Critical Care Obstetrics and Gynecology
Critical Care Obstetrics and Gynecology (ISSN: 2471-9803) is an open access journal that employs international experts for peer reviewing. Through the peer-review process, we hope to attest the quality of scholarship, thus spearheading the knowledge transfer in this important and expanding area.
This Scholarly journal aims to focus on discoveries and application of knowledge across fields, while informing the medical community. Critical Care Obstetrics and Gynecology publishes scientific reports in the form of research articles, audits, case reports, brief communications, editorials and review articles. Critical Care Obstetrics and Gynecology publishes articles that cover technical and clinical studies in the field of Gynecology, Menopause, Endometriosis, obstetric anesthesia, eclampsia, hirsutism, seizure disorders in pregnancy, twin syndrome, rectocele, breast cancer during pregnancy, contraception, infertility, non obstetric surgery in parturients, analgesia, and critical care issues in pregnancy thus making a comprehensive focus on women health from ethical, social dimensions.
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Preterm is defined as babies born alive before 37 weeks of pregnancy are completed. There are sub-categories of preterm birth, based on gestational age: extremely preterm (<28 weeks) very preterm (28 to <32 weeks). For premature infants born with a weight of less than 1000 g, the 3 primary causes of mortality are respiratory failure, infection, and congenital malformation.
In infants who began treatment with dexamethasone more than seven days after birth, the incidence of hearing loss was significantly greater than in the controls, although the change in intelligence quotient was comparable to that in the placebo group. The investigators also found that the incidence of cerebral palsy and visual impairment were similar in the dexamethasone and placebo groups whether dexamethasone was received within seven days following birth or later.
Related Journals of Prematurity
Critical Care Obstetrics and Gynecology, Gynaecology & Obstetrics Case Report, Gynecology & Obstetrics, Current Trends in Gynecologic Oncology, Andrology & Gynecology: Current Research, Journal of Perinatology, American Journal of Obstetrics & Gynecology, Anatolian Journal of Obstetrics & Gynecology, Infectious Diseases in Obstetrics & Gynecology, Journal of Human Reproductive Science, Journal of Ovarian Research, Reproductive Toxicology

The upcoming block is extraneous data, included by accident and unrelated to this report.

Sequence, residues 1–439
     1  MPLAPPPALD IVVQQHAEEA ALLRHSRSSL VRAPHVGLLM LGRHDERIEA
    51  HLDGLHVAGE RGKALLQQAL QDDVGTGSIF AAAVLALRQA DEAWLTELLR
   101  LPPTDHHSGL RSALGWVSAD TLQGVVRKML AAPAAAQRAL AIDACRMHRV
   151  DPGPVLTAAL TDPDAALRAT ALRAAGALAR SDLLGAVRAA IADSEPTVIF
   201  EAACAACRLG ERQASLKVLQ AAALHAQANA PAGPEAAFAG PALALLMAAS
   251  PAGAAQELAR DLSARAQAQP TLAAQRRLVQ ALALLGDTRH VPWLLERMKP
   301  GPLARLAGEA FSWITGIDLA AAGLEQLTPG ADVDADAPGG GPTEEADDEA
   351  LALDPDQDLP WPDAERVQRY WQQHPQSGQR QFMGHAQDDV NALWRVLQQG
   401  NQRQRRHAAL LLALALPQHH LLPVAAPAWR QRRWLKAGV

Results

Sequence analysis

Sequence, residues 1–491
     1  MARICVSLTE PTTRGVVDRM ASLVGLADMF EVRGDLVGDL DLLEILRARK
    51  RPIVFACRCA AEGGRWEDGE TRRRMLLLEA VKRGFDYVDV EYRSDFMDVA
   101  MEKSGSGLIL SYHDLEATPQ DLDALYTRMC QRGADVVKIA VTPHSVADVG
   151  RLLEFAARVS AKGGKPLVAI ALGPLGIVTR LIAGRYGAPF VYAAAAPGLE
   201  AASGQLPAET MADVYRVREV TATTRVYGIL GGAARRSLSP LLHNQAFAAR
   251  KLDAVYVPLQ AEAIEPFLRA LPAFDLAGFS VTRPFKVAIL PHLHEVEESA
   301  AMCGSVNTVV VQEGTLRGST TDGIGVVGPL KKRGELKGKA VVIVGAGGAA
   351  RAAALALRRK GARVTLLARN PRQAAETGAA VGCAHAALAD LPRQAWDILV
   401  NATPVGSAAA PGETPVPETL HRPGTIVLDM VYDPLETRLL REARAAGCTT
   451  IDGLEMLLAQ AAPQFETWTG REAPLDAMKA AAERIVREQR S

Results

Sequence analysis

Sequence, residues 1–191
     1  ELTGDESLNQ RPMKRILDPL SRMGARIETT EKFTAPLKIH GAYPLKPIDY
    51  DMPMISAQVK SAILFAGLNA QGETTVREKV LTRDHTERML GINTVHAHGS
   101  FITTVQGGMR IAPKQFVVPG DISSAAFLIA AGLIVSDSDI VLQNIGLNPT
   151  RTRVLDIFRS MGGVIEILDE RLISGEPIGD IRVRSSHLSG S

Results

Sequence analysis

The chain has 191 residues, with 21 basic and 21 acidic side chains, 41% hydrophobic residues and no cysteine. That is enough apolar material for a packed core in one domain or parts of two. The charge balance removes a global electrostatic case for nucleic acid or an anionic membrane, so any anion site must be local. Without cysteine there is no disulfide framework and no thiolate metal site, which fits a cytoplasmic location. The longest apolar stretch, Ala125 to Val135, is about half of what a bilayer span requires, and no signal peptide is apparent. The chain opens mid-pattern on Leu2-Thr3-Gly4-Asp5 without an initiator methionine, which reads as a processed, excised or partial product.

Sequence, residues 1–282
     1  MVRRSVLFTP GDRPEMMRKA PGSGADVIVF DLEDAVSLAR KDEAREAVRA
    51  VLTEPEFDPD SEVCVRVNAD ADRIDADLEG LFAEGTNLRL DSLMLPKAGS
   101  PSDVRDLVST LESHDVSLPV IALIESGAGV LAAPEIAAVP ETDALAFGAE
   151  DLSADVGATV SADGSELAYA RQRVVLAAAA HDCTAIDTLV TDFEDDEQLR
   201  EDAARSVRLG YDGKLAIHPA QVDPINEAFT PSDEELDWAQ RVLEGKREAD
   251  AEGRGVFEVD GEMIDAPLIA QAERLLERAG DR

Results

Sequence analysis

Prolonged pregnancy is defined as a pregnancy that has progressed beyond 42 weeks gestation1, although the terms prolonged pregnancy and post term pregnancy are interchanged. Postmaturity symptoms vary. The most common are dry skin, overgrown nails, creases on the baby's palms and soles of their feet, minimal fat, a lot of hair on their head, and either a brown, green, or yellow discoloration of their skin. Doctors diagnose post-mature birth based on the baby's physical appearance and the length of the mother's pregnancy. In most cases, the cause of postterm pregnancy is unknown. There are some factors that place a woman at increased risk. The incidence is higher in first pregnancies and in women who have had a previous postterm pregnancy. Genetic factors may also play a role. One study showed an increased risk of postterm pregnancy in women who were, themselves, born postterm.
However, variations in when a woman ovulates can lead to errors in calculating the true duration of pregnancy and lead to over- and underestimations of when the baby is due. An ultrasound examination performed in the first half of pregnancy is the most reliable method of calculating the date the baby is due, especially in women with long or irregular menstrual cycles.
Related Journals of Prolonged Pregnancy
Critical Care Obstetrics and Gynecology, Pregnancy and Child Health, Current Trends in Gynecologic Oncology , Gynecology & Obstetrics, Gynaecology & Obstetrics Case report, Journal of Pregnancy, BMC Pregnancy and Childbirth, Journal of Human Lactation, Pregnancy Hypertension, The New England Journal of Medicine, Journal of Ovarian Research
Transvaginal ultrasound is a test used to look at a womans reproductive organs, including the uterus, ovaries, and cervix. Transvaginal means across or through the vagina. The ultrasound probe will be placed inside the vagina. Ultrasound tests use high-frequency sound waves to allow doctors to see your internal organs. The sound waves bounce off your organs, creating images of their structures. A transvaginal ultrasound is a kind of pelvic ultrasound that is used to see reproductive organs like the uterus, ovaries, cervix, and vagina.
“Transvaginal” means “through the vagina.” The procedure involves the internal use of an ultrasound wand, rather than simply applying the wand to the outside of the pelvis as done in a regular pelvic ultrasound.
Related Journals of Transvaginal Ultrasonography
Critical Care Obstetrics and Gynecology, Current Trends in Gynecologic Oncology, Journal of Universal Surgery, Gynecology & Obstetrics , Andrology & Gynecology: Current Research, Journal of Ovarian Research, American Journal of Obstetrics & Gynecology, International Journal of Gynecology & Obstetrics, Human Reproduction Update, Obstetrics & Gynecology, Human Reproduction, Ultrasound in Obstetrics & Gynecology